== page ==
newsletter no 17 – august 2023
greetings – we hope this month’s offering finds you and yours extremely fit and well
news from the front
the main news from top dog hq this month is that we are going full gas to get ready for our biggest annual cycling challenge – the beast – which is a big day out over 108 miles and some memorable ascents of classic lakeland fells.
this includes shap summit and kirkstone pass as well as a few kickers en route – warton crag in the final few miles of the day will stick in riders’ minds for a long time. as will riding along the shores of ullswater and the seaside at arnside.
not one to be underestimated – the beast 2023
we have decided to return to our pre covid practice of having a registration desk on event mornings ( online entries will still close 7 days before the event and there will be no on the day entries – so we can cater for the numbers we know are coming) – where riders will sign in and receive their number.
there are several reasons for this – but the main one is rider safety, as our marshals have been unable to see some participants event numbers out on the course, due to them being wrapped around handlebars, top tubes and even seat posts.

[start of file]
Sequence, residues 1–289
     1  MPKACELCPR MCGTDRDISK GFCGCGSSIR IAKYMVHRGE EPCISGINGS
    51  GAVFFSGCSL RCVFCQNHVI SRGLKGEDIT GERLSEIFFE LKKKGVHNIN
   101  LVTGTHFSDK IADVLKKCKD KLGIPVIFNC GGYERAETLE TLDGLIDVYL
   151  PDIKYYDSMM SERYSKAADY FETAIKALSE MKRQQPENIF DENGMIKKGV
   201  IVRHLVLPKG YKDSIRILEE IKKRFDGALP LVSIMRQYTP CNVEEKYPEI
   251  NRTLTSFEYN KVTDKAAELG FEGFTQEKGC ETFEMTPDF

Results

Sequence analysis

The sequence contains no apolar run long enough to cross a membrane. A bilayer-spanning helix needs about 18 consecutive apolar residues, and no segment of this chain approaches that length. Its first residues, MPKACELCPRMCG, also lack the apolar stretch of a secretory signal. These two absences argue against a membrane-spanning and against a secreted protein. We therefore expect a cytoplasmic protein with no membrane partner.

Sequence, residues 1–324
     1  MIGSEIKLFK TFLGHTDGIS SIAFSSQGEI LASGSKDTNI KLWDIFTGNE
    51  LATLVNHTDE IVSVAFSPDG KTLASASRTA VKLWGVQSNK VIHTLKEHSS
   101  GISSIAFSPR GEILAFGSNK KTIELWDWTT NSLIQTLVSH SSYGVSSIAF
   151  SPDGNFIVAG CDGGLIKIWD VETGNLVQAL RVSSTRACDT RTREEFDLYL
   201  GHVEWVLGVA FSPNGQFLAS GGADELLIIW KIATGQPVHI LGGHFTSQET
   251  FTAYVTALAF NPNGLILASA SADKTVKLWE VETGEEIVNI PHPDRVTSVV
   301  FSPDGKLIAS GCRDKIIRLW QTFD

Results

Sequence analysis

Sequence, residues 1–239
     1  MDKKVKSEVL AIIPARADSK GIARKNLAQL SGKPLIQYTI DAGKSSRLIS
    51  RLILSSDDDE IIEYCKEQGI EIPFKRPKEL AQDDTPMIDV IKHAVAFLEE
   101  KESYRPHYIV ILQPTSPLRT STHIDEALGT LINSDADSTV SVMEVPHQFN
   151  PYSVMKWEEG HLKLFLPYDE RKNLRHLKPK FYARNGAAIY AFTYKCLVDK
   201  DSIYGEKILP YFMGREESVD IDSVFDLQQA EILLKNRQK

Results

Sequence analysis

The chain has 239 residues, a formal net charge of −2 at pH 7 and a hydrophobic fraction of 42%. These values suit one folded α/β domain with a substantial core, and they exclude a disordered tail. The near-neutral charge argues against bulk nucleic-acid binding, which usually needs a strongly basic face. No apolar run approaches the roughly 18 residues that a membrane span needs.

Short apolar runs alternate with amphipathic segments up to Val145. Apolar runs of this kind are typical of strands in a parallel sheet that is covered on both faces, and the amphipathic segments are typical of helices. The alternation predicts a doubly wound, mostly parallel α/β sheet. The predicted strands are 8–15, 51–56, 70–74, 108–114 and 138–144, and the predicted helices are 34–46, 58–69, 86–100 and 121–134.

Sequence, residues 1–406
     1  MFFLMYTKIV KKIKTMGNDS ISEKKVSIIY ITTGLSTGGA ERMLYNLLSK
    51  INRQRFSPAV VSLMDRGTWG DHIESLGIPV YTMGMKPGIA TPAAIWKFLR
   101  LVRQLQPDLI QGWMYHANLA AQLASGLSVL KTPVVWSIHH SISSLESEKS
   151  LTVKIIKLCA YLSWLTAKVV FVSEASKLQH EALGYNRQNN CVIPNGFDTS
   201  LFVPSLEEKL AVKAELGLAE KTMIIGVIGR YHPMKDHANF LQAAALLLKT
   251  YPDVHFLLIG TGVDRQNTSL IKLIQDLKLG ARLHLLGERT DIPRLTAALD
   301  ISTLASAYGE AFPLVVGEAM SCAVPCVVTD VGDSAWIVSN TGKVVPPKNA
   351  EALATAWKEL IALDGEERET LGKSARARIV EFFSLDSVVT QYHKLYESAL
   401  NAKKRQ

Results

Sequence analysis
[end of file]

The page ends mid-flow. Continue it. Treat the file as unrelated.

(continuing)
we were therefore unsure of the whereabouts, or safety of these riders – which is rather nerve-wracking for the organizers, until the riders are located. we hope the clear instructions given by our team at registration will ensure all riders will arrive at the start with their number attached in front of their handlebars, flat so it can be clearly seen throughout the ride.
additional safety measures
in a bid to keep our events as old school, analog, friendly, reasonably priced, call it what you will, we be issuing each rider with a casino chip style number, same as their event number, to carry in their jersey pocket.
again, there are several reasons for this, but the main one is safety, as a disk must be handed into the feed station, (2 on the beast) so helpers there know who has or hasn’t visited them and the organizers can track participants progress around the days route.
be healthy to get fitter –
by chris booth – british cycling l3 track + road coach
exercise is without doubt an important aspect to your overall health, but it is also only one aspect.
there are many more pieces of the puzzle that will contribute to your state of complete physical, mental and social well-being. what’s more, by focusing on some of the other pieces, you are more likely to stay free of illness and injury and guess what that means… more time on the bike to train and enjoy yourself.